There is no “best way” to manage your staff. Effective managers have varying styles. What’s important is the ability to inspire confidence and the respect of your staff. A good manager leads by setting a good example. Being reasonable and fair all of the time, and being right most of the time, creates the trust you need. Here are some tips that can significantly improve staff and practice management.

Training your staff

Most physicians are skilled teachers. The nurses, techs, and medical assistants who work with your patients will all benefit from direct training by you or other physicians in your practice. Your office manager will also benefit from training in order to know what’s important to you. And nobody is better equipped to teach a receptionist the questions to ask patients and what their answers mean, and the appropriate tone of voice to have when answering the phone, than you or a fellow physician.

Taking the time to train your team can create loyalty to the practice and also help new employees more readily acclimate to your office environment and culture. It’s easier and more cost-effective to develop the talent you already have than to go out and find new talent. So keeping your staff motivated and happy about working in your office is key to attracting and retaining the most talented health care professionals.


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Meetings

It’s a good idea to schedule weekly meetings on a regular basis, not ad hoc. Run your meetings from a strict agenda, and stick to that agenda. Any new topics should be addressed at the next meeting so they do not distract from the business on hand. Schedule your meetings with a definite stopping point. Once the culture of your meetings is established, it will be easy to keep your staff on track.

Another technique is to have a morning “touch base” for 1 to 5 minutes, before seeing patients. Go over your game plan for the day and addresses timely issues, such as checking to see if any staff or other providers are absent, and, if so, who will cover for them.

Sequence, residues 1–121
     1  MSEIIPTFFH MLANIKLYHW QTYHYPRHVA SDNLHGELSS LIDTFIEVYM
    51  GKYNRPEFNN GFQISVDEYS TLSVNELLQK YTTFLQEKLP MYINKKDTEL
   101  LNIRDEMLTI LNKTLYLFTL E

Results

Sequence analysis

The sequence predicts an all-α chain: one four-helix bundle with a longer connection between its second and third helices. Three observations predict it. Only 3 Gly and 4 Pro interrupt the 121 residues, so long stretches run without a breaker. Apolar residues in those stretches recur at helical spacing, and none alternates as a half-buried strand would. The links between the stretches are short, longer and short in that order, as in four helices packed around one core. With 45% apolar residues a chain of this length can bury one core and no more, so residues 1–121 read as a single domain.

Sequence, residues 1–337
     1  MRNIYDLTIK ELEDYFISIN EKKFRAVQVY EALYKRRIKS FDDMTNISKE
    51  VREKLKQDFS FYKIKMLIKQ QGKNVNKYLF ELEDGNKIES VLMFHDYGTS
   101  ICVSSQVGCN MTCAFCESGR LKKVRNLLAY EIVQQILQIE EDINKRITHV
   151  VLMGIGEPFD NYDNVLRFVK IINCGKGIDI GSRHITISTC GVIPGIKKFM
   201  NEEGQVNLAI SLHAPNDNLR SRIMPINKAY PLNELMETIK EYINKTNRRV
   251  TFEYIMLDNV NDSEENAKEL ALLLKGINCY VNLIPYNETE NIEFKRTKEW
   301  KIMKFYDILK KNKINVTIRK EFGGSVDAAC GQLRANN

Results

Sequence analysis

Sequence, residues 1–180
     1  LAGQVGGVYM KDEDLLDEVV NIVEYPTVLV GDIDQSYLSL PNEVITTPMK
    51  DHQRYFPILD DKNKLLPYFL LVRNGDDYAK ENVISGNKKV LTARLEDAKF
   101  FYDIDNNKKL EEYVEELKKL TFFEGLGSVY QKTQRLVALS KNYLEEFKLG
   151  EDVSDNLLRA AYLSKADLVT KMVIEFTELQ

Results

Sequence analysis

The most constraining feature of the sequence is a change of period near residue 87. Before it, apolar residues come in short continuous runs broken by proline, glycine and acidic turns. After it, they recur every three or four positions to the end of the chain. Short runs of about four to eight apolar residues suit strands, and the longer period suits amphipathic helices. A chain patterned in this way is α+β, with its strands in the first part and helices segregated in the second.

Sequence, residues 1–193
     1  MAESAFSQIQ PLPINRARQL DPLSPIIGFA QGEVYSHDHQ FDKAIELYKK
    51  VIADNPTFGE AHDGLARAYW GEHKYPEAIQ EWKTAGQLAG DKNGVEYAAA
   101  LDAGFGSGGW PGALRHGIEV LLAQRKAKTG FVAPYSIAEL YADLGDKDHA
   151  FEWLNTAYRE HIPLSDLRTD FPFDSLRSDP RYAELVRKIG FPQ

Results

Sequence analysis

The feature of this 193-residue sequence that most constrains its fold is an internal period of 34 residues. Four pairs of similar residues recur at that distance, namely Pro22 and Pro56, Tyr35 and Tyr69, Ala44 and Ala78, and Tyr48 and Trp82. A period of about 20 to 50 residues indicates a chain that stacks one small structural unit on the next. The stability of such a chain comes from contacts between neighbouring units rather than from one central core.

Hospital calls

It may seem obvious, but when you make out your call schedule, do your best to give each physician the same number of weekday and weekend calls. Or huddle everyone together to discuss what works best for everyone; some physicians may have their own ideas.

Treating your staff

You may or may not be comfortable treating your own staff. However, many physicians do treat their staff. The same precautions, such as having someone else in the room during certain exams, are appropriate when you’re treating them.

Remember, the greatest impact in any service organization, especially in health care, comes through interactions that patients, their family members, and others have with your staff. After all, your staff members are ambassadors for your practice’s brand.

Reference

  1. Borglum K. How to be a better manager, how to reduce training time for new employees. Modern Medicine Web site. November 20, 2009. http://www.modernmedicine.com/modernmedicine/Modern+Medicine+Now/How-to-be-a-better-manager-how-to-reduce-training-/ArticleStandard/Article/detail/643729.
  2. Deal L. Keeping everyone content and happy. Modern Medicine Web site. September 10, 2011. http://www.modernmedicine.com/modernmedicine/Modern+Medicine+Now/Keeping-everyone-content-and-happy/ArticleStandard/Article/detail/739135.
  3. Gosfield AG. Treating your staff. Modern Medicine Web site. September 10, 2011. http://www.modernmedicine.com/modernmedicine/Modern+Medicine+Now/Treating-your-staff/ArticleStandard/Article/detail/739114.
  4. Grensing-Pophal L. Branding your practice starts from inside. Modern Medicine Web site. July 25, 2011. http://www.modernmedicine.com/modernmedicine/Modern+Medicine+Now/Branding-your-practice-starts-from-inside/ArticleStandard/Article/detail/732451.
  5. La Penna AM. Conducting productive staff meetings. Modern Medicine Web site. August 10, 2011. http://www.modernmedicine.com/modernmedicine/Modern+Medicine+Now/Conducting-productive-staff-meetings/ArticleStandard/Article/detail/734930.